Tuesday, July 5, 2011

REVIEW: De Waart's Pathétique with HKPO

Cultural Centre Concert Hall, Saturday July 2

This final installment of HKPO’s Tchaikovsky Festival started off with the Polonaise from the opera Eugene Onegin. After a nervous start, the HKPO led by Maestro Edo de Waart slowly got into the swing. While the orchestra sound may not be crisp, flexible rubato and well-sprung rhythm were in large amount stressing the beauty of live performance.

The Swan Lake Suite was the highlight of the evening for me. Not only because it has a very special place in my life, but also because it was played extremely well. For some reason, the music from Swan Lake tends to bring me back to my early years of saving up money and buying the cheapest ticket I can find to see the ballet. In particular, the pas de deux scene with the glorious cadenza for harp perfectly set the scene (by Christopher Sidenius) for the violin (masterly played by the guest concertmaster Igor Yuzefovich). In my mind, the image of Japanese prima ballerina Yoko Morishita was never far. By the time the cello responded passionately (by Richard Bamping), I was no longer in the Hong Kong Cultural Centre anymore.

After the interval came the title piece of the evening. Pathétique is not very far from Tchaikovsky’s 4th and 5th symphony in terms of subject, which is the power of Fate in life and death. The composer led the first performance of Pathétique in Saint Petersburg on October 28 1893; and nine days after, he died. Suddenly, Pathétique became a curiosity; some believe it was a “symphonic suicide note”. The fact that Tchaikovsky asserted that there was a program to the symphony but would not divulge it just made the suicide theory even more popular.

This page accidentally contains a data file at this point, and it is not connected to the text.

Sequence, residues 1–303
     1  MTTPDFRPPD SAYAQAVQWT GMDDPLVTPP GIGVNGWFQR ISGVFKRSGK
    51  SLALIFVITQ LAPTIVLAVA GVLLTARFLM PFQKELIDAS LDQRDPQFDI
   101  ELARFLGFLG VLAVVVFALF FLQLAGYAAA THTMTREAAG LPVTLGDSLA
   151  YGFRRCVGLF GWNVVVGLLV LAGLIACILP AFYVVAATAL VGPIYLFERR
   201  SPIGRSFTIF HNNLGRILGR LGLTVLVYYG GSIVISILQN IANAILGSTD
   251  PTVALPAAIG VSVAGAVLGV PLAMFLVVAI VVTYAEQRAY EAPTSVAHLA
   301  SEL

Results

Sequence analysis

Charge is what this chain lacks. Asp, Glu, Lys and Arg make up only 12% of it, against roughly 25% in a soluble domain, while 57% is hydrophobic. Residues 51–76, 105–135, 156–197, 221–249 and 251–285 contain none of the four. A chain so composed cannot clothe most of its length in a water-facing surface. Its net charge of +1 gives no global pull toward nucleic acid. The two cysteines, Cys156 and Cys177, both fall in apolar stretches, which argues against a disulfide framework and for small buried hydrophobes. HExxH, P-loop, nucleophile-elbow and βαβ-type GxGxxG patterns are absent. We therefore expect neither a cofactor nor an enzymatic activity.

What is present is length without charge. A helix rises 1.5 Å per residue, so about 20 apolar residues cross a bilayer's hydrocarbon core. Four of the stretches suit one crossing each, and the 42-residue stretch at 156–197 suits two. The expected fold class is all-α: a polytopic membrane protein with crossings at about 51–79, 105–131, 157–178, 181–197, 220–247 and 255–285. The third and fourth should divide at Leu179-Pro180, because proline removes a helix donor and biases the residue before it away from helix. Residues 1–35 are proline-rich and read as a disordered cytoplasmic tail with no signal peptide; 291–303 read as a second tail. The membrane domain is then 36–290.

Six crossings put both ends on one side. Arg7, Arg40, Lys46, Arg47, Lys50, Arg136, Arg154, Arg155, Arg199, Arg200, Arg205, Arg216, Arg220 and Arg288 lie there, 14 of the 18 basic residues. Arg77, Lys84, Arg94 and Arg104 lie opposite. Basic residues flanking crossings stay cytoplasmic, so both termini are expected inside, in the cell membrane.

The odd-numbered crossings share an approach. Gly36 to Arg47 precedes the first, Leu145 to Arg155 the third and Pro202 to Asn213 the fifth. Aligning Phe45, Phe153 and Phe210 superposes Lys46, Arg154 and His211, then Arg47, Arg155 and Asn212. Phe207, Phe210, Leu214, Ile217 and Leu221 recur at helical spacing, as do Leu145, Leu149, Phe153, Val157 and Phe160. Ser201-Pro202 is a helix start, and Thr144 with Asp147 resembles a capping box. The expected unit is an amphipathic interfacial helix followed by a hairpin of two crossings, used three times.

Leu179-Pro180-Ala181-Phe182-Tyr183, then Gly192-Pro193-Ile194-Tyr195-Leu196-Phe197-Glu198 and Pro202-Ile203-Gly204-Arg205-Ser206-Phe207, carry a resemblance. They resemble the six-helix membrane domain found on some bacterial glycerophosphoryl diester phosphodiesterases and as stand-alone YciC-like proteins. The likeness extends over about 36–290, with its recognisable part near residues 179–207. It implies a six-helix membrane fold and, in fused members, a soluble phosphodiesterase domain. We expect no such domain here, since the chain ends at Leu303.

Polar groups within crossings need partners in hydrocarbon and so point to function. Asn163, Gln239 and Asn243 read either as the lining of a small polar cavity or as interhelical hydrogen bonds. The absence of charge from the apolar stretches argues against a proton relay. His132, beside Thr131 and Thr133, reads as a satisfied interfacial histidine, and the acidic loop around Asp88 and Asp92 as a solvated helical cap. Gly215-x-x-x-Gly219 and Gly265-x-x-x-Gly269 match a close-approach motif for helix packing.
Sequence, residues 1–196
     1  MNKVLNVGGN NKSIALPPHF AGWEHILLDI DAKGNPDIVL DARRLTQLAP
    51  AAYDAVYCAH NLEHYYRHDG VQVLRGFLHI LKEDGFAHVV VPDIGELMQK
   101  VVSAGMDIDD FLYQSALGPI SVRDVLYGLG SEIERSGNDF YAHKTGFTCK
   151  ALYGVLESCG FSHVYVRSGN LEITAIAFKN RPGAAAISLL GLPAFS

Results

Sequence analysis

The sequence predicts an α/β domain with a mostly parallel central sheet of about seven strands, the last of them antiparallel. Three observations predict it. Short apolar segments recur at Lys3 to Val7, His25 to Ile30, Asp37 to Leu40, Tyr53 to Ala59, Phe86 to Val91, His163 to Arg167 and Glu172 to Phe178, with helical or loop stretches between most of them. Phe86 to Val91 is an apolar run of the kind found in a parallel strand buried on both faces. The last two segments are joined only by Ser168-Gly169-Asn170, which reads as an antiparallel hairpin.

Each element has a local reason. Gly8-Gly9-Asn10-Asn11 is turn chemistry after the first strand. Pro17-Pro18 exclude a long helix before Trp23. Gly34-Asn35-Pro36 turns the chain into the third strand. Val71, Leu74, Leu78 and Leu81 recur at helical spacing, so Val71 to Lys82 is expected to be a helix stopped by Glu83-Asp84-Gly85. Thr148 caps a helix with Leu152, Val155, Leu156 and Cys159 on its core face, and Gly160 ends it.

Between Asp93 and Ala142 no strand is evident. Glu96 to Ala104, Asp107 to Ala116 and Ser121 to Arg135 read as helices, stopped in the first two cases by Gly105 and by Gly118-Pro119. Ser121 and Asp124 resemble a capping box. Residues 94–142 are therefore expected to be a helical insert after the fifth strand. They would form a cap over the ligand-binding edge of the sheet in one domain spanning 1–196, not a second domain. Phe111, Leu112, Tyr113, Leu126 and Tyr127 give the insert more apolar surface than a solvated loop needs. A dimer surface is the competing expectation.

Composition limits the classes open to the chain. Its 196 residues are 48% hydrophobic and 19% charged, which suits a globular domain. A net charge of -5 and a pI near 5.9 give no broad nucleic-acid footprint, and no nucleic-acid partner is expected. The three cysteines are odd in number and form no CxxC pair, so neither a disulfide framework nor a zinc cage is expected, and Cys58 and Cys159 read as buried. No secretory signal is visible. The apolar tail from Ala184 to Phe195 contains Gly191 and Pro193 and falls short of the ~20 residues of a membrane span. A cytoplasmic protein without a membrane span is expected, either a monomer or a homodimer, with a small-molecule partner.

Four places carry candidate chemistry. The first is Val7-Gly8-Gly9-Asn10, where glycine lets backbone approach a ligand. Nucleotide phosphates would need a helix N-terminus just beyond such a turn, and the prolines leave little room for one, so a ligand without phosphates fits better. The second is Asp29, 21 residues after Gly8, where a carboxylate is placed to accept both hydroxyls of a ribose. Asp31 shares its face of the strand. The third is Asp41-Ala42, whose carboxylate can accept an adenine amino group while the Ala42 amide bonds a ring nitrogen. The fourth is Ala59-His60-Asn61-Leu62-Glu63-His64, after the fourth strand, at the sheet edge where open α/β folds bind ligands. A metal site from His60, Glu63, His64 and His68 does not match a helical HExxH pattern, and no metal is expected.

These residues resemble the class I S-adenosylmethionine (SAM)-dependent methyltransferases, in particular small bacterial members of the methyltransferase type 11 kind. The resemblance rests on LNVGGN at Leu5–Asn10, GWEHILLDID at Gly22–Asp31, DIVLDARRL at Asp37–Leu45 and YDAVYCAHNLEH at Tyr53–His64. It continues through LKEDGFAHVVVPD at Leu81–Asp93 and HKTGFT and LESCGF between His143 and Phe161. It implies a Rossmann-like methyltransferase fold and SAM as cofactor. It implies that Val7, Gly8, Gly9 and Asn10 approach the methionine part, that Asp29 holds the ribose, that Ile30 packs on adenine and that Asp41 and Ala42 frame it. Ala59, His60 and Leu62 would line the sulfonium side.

Musically, Pathétique tends to be in danger of being vulgar and manipulative, more so than the 4th and 5th, when handled improperly. The twists and turns of this musical roller coaster posts a lot of challenges in achieving balance between the conflicting emphases of expressiveness and good taste. As for Maestro de Waart, balancing act is his forte. In fact, any hysteria was totally avoided and by the time the finale ended, one just felt the depths of despair were laid bare. The only part that I wish was done differently was the Allegro con grazia, as it felt a bit too loose and it missed the opportunity to alleviate the persistent sense of gloom.

Tchaikovsky Festival: De Waart’s Pathétique
1 & 2 July 2011
Fri & Sat 8PM
Hong Kong Cultural Centre Concert Hall

Eugene Onegin: Polonaise
Swan Lake Suite
Symphony No. 6 Pathétique

Conductor: Edo de Waart

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